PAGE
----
All Questions

December 29, 2022 | Gary Burger

Do I Have to Pay Taxes on My Injury Settlement?

Do I have to pay taxes on my injury settlement? You've finally settled your personal injury claim, or gotten a successful jury verdict. Now you're likely facing a new uncertainty: will you have to pay taxes on the money you receive as compensation?

Personal injury attorneys are acquainted with the complex regulations involving settlements and taxation and can explain how taxes will apply to your specific case. At Burger Law, we have over 30 years of experience getting great results for our clients, and we answer questions for free every day. If you have any questions about the personal injury claim process, speak to a member of our team today at (314) 500-HURT or fill out our online form. With offices in St. Louis, Chicago and elsewhere, we serve the injured throughout Missouri and Illinois.

If you were recently injured and want to know how much your claim may be worth, fill out our free personal injury calculator.

When Do You Have to Pay Taxes on Injury Settlements?

Generally, the IRS taxes income – something that makes you wealthier than you were before. Since the purpose of most types of compensation in an injury claim is to "make you whole", most settlements and verdicts aren't taxed. However, there are notable exceptions based on what kind of settlement you receive and under what circumstances. Settlements and judgments are generally viewed under the same tax laws, so it doesn't matter if you receive your money through a settlement or a trial verdict. The details on when you have to pay taxes off a settlement or verdict can be found in Internal Revenue Service Regulation 26 C.F.R 1 and Publication 4345.

Whether or not you have to pay taxes on your settlement will depend on the type of compensation you receive:

  • Medical expenses — If you did not take an itemized deduction on a previous year's tax return, any settlement related to expenses for an illness or injury are not taxable. Meaning, you do not have to pay taxes on any compensation you receive for an emergency room visit, chiropractic appointments, medications, or any other medical expense.

    However, if your insurance covered part or all of your medical expenses, they have a right to place a lien on your settlement. You can read more about how personal injury lawyers reduce liens in an injury case here.

  • Non-economic damages Any compensation related to emotional distress, mental anguish, pain and suffering, inconvenience or any other general damages are also not taxable.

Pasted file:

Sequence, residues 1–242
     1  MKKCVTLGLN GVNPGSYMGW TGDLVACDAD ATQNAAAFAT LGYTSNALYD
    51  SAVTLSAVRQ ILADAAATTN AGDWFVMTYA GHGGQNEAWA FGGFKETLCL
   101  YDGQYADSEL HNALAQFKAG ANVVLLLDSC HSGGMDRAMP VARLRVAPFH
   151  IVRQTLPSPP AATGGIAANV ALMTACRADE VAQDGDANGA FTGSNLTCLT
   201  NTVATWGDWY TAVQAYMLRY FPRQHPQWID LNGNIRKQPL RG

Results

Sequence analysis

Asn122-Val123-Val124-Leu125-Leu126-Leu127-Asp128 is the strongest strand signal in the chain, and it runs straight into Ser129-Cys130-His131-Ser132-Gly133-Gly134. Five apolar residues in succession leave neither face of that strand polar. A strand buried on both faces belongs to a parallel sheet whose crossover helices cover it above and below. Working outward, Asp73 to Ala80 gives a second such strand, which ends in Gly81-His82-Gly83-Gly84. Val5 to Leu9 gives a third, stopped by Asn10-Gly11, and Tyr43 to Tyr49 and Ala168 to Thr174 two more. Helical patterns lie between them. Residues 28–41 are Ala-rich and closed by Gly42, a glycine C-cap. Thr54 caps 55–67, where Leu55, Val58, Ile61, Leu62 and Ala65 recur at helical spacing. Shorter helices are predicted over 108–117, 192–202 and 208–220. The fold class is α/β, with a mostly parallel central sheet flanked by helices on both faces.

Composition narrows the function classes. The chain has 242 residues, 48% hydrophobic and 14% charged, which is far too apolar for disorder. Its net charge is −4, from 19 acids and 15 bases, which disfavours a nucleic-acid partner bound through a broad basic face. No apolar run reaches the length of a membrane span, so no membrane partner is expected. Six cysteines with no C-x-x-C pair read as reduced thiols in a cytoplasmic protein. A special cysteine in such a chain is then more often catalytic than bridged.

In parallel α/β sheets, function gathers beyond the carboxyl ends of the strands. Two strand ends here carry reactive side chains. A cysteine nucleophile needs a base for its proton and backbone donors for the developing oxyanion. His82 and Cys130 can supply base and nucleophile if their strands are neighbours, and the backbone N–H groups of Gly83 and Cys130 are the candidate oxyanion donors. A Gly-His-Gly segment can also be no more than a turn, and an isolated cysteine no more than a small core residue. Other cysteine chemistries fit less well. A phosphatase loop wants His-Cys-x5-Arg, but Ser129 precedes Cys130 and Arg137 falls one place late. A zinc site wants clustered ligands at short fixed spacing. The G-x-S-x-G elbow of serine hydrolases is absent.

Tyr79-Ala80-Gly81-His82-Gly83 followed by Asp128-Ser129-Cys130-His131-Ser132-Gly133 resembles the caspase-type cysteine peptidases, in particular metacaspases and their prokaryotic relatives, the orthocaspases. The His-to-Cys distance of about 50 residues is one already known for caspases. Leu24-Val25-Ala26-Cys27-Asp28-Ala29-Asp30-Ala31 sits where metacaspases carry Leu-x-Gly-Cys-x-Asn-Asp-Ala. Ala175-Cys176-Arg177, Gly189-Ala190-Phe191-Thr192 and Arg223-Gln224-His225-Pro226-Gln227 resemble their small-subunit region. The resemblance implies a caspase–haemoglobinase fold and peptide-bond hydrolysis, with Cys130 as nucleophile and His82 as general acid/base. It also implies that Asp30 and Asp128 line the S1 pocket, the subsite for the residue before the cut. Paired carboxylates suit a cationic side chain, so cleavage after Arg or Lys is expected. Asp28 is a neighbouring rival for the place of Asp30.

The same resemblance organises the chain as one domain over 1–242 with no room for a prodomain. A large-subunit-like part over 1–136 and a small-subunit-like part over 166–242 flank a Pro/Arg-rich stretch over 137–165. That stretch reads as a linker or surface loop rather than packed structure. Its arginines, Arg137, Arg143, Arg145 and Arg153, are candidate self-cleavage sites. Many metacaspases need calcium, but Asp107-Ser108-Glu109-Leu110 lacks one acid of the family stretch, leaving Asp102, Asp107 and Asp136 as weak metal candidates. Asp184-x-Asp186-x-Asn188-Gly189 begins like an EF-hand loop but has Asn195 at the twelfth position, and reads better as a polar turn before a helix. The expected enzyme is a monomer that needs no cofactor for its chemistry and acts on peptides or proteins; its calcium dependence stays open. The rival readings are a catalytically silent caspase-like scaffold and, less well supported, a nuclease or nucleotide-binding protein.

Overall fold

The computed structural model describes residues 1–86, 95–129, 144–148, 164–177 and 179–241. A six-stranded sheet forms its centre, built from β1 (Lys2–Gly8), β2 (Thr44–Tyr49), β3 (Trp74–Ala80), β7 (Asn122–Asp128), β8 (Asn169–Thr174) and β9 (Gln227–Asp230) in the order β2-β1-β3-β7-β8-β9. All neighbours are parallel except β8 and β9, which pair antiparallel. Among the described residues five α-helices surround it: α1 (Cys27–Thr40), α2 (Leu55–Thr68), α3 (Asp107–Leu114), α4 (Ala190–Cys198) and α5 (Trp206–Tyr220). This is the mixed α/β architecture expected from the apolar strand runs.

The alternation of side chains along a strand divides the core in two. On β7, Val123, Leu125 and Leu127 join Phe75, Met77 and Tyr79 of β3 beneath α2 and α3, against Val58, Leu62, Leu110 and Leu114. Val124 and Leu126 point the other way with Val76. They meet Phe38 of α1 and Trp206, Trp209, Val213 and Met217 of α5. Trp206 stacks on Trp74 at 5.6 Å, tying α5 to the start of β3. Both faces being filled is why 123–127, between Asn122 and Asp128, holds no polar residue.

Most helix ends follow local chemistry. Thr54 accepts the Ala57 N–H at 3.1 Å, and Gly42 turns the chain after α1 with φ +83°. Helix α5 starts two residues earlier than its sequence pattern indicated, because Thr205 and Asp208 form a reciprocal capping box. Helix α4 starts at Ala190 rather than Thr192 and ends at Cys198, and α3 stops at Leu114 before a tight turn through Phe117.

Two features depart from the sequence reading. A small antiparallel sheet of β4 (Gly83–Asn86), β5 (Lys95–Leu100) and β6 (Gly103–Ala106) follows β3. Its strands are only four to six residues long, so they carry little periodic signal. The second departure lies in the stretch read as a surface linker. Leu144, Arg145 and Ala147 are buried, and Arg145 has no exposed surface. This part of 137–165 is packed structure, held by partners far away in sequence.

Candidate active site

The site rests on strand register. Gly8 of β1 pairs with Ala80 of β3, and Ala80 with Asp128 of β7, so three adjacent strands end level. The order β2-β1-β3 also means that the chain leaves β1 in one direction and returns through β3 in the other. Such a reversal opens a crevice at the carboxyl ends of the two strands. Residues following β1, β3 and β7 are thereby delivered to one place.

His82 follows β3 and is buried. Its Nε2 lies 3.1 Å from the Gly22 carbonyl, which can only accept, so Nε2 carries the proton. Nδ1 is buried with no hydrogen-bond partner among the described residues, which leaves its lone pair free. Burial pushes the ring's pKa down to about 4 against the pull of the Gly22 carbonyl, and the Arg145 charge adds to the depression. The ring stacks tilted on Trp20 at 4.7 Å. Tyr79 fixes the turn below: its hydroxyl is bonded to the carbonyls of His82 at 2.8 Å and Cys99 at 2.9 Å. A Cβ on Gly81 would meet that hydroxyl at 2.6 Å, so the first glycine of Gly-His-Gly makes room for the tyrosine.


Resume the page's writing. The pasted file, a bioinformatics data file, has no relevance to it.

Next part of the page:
• Lost wages — If you're compensated for lost income, that amount will generally be subject to income tax, since your original income would have been taxable if you hadn't had income loss. But, it's important to note that you only have to pay taxes on the compensation directly related to your lost wages damages. For example, if you recovered a $100,000 settlement, but only $5,000 of that was for lost wages, you would only have to report the $5,000 as income. The other $95,000 is not taxable.
  • Property damage — Compensation for property damage, for example damage to your vehicle in a car accident, is generally not taxable, so long as you don't have any money left over once your property has been repaired or replaced. Any extra, for example if the insurance company overpaid you or you carried out the repairs yourself, must be taxed as income.
  • Punitive damages Though rarely awarded, punitive damages from a defendant who exhibited especially dangerous or egregious behavior are subject to taxes and must be reported as "Other Income" on your Form 1040.

    Additionally, certain states have laws that may affect how much of your punitive damages you retain. For example, in Missouri, under Revised Statutes §537.675, the state may claim up to 50 percent of your punitive damages award for the state's Tort Victims Compensation Fund.

In short, any compensation you received for the direct financial, physical and emotional harm you sustained because of your injuries will not be taxed. Anything "extra" or deemed to be over that amount, is taxable as income.

Missouri and Illinois Personal Injury Attorneys | Burger Law

The personal injury claims process and legal precedent are confusing for anyone who hasn't had experience with them. At Burger Law, we have over 70 years of combined experience as trial attorneys, who always strive to put as much money in our clients' pockets as is fair and possible. If you've been injured by the negligence of another in Missouri or Illinois, or have any questions about your claim, speak to a Burger Law personal injury lawyer at (314) 500-HURT or contact us online.